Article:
This paper analyzes the relationship between immigrants' retirement status and the prevalence of return migration from the host country to their country of origin. We develop a simple theoretical model to illustrate that under reasonable conditions the probability of return migration is maximized at retirement. Reduced-form models of retirement status which control for the rate of return migration are then estimated using unique data on emigration rates matched to individual-level data for Australia. We find that immigrants, particularly immigrant women, are more likely to be retired than are native-born men and women with the same demographic, human capital, and family characteristics. Moreover, within the immigrant population, there is a negative relationship between the propensity to be retired and the return migration rate of one's fellow countrymen, particularly amongst men. This link is strongest for those individuals who are at (or near) retirement age and among those with the highest cost of return migration. These results suggest that the fiscal pressures associated with aging immigrant populations vary substantially across origin countries. -- Retirement ; immigrants ; return migration ; emigration ; Australia
Settlement patterns and the geographic mobility of recent migrants to New Zealand by David C Maré( Book )

3 editions published in 2007 in English and held by 17 WorldCat member libraries worldwide

What explains the wealth gap between immigrants and the New Zealand born? by John Gibson( Book )

3 editions published in 2007 in English and held by 15 WorldCat member libraries worldwide

The response of consumption in Russian households to economic shocks by Steven Stillman( Book )

5 editions published in 2001 in English and held by 12 WorldCat member libraries worldwide

This paper examines the extent to which consumption in Russian households responds to exogenous income shocks. During the time period studied in this paper (1994-1998), Russia experienced two major economic crises. Both featured extreme movements in the real ruble-dollar exchange rate. The price of oil, which is typically thought to have a strong effect on the Russian economy, was also quite volatile during this time period. This paper exploits these large changes in oil prices and exchange rates, as well as community-level variations in wage and pension arrears, to identify exogenous shocks to household income. Using representative panel data on urban households from the Russian Longitudinal Monitoring Survey, I find that a household which experiences an exogenous shock of 10% of its total income changes both its food and total non-durable expenditure by 7-11%. Most evidence indicates that these shocks are transitory in nature and thus the traditional Life Cycle/Permanent Income Hypothesis model is firmly rejected as describing the behavior of Russian households. Additional results indicate that changes in household savings are negatively related to exogenous income shocks, with this relationship strongest for low wealth households. Only models of consumption which include precautionary savings motives can explain why poorer households both reduce their consumption and increase their savings in response to an exogenous decline in income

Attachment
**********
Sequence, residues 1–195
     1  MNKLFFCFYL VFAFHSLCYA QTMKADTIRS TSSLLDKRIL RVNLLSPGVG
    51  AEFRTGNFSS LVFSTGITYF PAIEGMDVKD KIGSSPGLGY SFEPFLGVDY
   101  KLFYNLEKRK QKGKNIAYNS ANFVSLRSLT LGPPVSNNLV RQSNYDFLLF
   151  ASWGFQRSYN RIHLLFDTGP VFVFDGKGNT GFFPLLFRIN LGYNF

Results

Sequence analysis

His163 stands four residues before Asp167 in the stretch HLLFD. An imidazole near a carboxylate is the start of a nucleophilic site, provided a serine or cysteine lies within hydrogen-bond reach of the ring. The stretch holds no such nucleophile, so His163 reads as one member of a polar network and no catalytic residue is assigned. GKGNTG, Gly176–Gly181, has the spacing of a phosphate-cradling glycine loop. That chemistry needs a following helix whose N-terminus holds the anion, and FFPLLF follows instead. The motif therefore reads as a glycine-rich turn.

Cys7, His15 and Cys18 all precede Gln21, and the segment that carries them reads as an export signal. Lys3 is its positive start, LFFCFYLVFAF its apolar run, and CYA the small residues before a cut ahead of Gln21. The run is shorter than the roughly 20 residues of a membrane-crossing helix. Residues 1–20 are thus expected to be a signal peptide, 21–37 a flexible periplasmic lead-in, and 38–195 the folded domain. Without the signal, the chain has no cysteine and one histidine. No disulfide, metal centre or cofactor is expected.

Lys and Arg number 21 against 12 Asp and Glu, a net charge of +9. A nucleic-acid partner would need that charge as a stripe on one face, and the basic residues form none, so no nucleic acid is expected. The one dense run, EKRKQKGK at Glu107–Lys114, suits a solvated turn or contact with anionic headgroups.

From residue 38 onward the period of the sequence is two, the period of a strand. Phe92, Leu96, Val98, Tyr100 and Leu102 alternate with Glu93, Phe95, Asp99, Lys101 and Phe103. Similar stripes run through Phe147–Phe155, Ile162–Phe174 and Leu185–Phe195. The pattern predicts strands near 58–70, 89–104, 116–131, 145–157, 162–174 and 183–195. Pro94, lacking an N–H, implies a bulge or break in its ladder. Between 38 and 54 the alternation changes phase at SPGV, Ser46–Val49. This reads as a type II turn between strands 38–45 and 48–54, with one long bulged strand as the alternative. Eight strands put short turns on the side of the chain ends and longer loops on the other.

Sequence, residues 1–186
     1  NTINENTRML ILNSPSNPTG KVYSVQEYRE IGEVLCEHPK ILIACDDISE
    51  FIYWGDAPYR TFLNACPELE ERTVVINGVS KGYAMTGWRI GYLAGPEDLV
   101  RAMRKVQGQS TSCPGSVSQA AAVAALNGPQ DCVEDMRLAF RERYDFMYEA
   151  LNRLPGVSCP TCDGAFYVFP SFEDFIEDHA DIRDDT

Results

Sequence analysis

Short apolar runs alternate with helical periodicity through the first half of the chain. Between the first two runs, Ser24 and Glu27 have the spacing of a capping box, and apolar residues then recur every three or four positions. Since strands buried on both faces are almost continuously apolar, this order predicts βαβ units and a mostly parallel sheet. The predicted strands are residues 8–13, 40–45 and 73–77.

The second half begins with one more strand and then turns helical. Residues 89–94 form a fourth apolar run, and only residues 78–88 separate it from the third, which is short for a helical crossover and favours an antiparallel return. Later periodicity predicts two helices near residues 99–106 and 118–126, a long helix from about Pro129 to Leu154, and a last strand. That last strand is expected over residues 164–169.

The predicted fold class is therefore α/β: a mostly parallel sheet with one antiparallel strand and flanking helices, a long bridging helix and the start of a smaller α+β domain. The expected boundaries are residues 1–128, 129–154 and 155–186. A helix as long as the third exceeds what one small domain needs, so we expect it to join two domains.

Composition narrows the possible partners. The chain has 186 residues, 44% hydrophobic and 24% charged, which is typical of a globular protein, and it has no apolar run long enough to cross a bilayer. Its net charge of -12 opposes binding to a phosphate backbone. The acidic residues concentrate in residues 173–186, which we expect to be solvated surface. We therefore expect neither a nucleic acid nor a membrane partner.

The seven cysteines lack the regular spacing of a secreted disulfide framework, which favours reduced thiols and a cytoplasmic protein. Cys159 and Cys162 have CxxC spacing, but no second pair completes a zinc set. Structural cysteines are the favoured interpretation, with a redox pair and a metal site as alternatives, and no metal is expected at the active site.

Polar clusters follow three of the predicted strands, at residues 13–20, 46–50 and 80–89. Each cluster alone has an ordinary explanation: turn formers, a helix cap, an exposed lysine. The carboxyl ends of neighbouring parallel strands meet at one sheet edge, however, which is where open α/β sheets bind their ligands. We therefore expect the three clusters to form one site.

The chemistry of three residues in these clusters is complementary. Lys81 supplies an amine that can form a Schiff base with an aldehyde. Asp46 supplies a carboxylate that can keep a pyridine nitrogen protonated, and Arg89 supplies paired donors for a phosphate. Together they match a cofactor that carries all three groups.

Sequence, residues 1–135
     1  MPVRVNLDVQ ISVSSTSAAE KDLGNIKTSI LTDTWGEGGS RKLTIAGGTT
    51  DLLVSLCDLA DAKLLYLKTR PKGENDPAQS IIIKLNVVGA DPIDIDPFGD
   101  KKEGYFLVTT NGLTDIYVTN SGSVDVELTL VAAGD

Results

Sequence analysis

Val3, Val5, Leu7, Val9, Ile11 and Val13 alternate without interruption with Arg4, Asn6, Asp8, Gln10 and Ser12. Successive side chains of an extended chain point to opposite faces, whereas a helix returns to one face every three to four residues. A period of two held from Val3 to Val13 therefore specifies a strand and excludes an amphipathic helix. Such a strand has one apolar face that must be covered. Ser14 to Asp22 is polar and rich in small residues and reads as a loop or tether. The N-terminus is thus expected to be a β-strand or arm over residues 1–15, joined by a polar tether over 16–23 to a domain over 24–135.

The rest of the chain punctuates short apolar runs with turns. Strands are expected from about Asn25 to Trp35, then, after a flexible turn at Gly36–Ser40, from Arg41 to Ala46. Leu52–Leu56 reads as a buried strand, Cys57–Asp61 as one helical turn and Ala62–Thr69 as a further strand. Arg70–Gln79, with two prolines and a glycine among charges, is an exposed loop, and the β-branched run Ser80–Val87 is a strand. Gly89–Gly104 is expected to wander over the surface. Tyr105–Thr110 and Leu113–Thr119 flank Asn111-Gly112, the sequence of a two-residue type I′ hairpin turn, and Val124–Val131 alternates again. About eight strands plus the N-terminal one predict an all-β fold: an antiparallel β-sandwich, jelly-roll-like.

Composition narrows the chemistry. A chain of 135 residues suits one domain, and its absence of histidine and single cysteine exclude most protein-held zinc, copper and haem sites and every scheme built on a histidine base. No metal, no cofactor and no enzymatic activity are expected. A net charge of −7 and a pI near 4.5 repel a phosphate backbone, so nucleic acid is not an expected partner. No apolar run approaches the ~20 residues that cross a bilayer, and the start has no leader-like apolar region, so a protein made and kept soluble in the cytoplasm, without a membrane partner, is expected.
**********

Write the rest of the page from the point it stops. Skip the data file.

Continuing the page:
The labour market adjustment of immigrants in New Zealand by Steven Stillman( Book )

4 editions published in 2009 in English and held by 11 WorldCat member libraries worldwide

The impact of immigration on the geographic mobility of New Zealanders by Steven Stillman( Book )

3 editions published in 2007 in English and held by 11 WorldCat member libraries worldwide

Where should I live? : the locational choices of Australians and New Zealanders by Mathias Sinning( )

2 editions published in 2012 in English and held by 4 WorldCat member libraries worldwide

Can immigrants insure against shocks as well as the native-born? by Asadul Islam( )

3 editions published in 2016 in English and held by 3 WorldCat member libraries worldwide

The impact that an unforeseen event has on household welfare depends on the extent to which household members can take actions to mitigate the direct impact of the shock. In this paper, we use nine years of longitudinal data from the Household Income Labour Dynamics of Australia (HILDA) survey to examine the impact of job displacement and serious health problems on: individual labour supply and incomes, household incomes and food expenditure. We extend on the previous literature by examining whether mitigation strategies and their effectiveness differs for the native-born and immigrants. Immigrants make up nearly one-quarter of the Australian population and there are a number of reasons to suspect that they may be less able to mitigate adverse shocks than the native-born
Housing markets and migration : evidence from New Zealand( )

1 edition published in 2008 in English and held by 2 WorldCat member libraries worldwide

The labour market adjustment of immigrants in New Zealand by Steven Stillman( )

1 edition published in 2009 in English and held by 2 WorldCat member libraries worldwide

 
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Alternative Names
Steven Stillman economist (Libera Università di Bolzano)

Steven Stillman econoom

Steven Stillman Wirtschaftswissenschaftler/in (Tätig bei Motu Economic and Public Policy Research, Wellington, New Zealand; Tätig am am New Zealand Dep. of Labour, Wellington, New Zealand; Tätig am am Inst. zur Zukunft der Arbeit (IZA), Bonn, Germany; Tätig an d...)

Languages
English (74)

German (2)